Don’t tell me more and more people aren’t gagging for this. Which means the basis of our hopes for cultural change is a groundswell.

The truth in main rainforest nations is that understanding of the eco system and the issues surrounding it has increased, and many conservation initiatives have been tried over the years. The fact that all that effort, knowledge and sheer heart has failed to diminish deforestation testifies to one thing: We’ve not made it add up yet.

Noble endeavours to buy up jungle for protection in the past has sometimes backfired as green colonialism, effectively displacing indiginous people. And running new parks and securing their borders is so costly, it is a strain for many poor nations to keep up with. What’s needed is a way to join up the already protected zones across South America, say, with much better economic viability. Mongabay’s excellent article How to save tropical rainforests lays it all out neatly. And a good starting point is their acronym for younger conservationists, TREES:

  • Teach others about the importance of the environment and how they can help save rainforests.
  • Restore damaged ecosystems by planting trees on land where forests have been cut down.
  • Encourage people to live in a way that doesn’t hurt the environment.
  • Establish parks to protect rainforests and wildlife.
  • Support companies that operate in ways that minimize damage to the environment.

In fuller reality, it means firstly finding ways to support local farmers. Helping them tap into more traditional and permaculture ways of doing this that become marketable, while helping them gain legal entitlement to their historic lands. They need much better representation and support. But growing the sense of ‘value’ in a forest’s rich diversity is significant too – developing payments for ecosystem services the rest of the planet needs, like biodiversity maintenance, rainfall generation, carbon sequestration, and soil stabilization. Exploring ways we can fairly compensate the economies of parent nations for their global services. Along with things like eco tourism and corporate sponsorship. Inspiring more spending from those conscy types who find the rainforest inspiring. Because apart from dollars, it will help spread the story – that we are all connected to the rainforests.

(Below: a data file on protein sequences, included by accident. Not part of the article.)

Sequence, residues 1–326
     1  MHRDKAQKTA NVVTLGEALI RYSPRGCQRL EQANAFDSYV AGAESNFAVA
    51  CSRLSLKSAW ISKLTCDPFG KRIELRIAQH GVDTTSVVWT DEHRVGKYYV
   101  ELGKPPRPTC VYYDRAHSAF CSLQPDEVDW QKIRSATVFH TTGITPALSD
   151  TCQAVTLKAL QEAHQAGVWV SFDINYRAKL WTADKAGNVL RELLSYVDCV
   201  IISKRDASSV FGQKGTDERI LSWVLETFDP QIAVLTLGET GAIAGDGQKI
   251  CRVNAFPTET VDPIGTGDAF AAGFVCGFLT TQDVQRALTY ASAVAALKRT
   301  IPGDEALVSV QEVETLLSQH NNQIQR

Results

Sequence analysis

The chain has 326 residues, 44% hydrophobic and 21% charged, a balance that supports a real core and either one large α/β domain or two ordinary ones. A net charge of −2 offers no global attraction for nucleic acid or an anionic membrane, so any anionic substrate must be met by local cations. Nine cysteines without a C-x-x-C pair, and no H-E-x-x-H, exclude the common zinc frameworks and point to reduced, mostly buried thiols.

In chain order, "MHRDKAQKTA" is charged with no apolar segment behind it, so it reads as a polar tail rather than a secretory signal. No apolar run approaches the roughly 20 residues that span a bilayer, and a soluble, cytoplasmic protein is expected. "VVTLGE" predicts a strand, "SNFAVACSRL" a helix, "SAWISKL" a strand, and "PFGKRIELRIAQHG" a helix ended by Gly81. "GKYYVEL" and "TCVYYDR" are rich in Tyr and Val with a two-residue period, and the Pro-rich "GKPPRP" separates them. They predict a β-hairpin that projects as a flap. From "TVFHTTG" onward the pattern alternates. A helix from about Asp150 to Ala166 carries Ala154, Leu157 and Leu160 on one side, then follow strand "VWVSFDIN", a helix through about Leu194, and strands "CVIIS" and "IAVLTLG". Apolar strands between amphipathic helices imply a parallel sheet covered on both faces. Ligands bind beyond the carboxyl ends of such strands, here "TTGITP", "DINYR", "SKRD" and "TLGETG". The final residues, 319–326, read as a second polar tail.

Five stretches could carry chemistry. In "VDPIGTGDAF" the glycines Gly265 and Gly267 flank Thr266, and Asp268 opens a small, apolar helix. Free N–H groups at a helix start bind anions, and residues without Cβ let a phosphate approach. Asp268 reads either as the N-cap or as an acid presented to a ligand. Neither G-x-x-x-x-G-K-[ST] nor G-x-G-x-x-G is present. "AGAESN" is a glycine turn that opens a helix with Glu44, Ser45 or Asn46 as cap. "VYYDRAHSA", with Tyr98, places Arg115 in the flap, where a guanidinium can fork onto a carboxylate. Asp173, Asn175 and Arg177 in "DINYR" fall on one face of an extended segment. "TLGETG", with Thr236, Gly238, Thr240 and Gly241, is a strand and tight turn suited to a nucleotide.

An interesting place to look is the island of Borneo. Antipodean to some of the Amazon, right on the other side of the world, the tri-nationed island in the Indonesian archipelago is home to one of the oldest rainforests in the world, estimated to be some 140million years old. And it’s home to a rich diversity of wildlife, as you might imagine. Mostly part of Indonesia and Malaysia respectively, down in the south west is North Kayong on the western border of Gunung Palung National Park. A city some five times the size of New York, it’s been the nearest place to go for medical help for those living in the forests.

The need for medical help is a significant fear for many communities in such circumstances, as Yao-Hua Law writes for Mosaic. As he says: “The obvious fact is: people need to earn a living to survive. In desperation, many fathers and sons log and burn the edge of the national park for timber and farmland. Conservationists speak of the park’s 108,000 hectares of swamp, lowlands and montane forest, which together house sun bears, hornbills, gibbons and about 2,500 orangutans. But to local people strapped for cash, the trees look like fixed deposits to be withdrawn in entirety.”

One initiative has been exploring ways to make a difference to this, and I think it’s illustrative. As Law explains: “ASRI has been working with communities around the national park to improve the wellbeing of both humans and the environment. It started by setting up a clinic that provides villagers with not just the most extensive healthcare services in the area, but also incentives to stop them from logging in the park.”

Kinari Webb instigated founding the ASRI after first visiting Gunung Palung to study orangutans. With the drone of chainsaws and the shuddering booms of falling trees always somewhere in the aural landscape, she wondered to herself if her orangutans would have any trees left to live in. But when a local friend presented her with a machete wound to his hand in abject fear, she realised how much she’d taken for granted things like tetanus jabs and access to basic medical care. For the locals here, almost any medical problem could be livelihood and therefore life-threatening. It was a revelation that was to chart a course away from her original PhD and into studying ways of combining human and environmental health. A hunch she felt would be crucial to success in this context.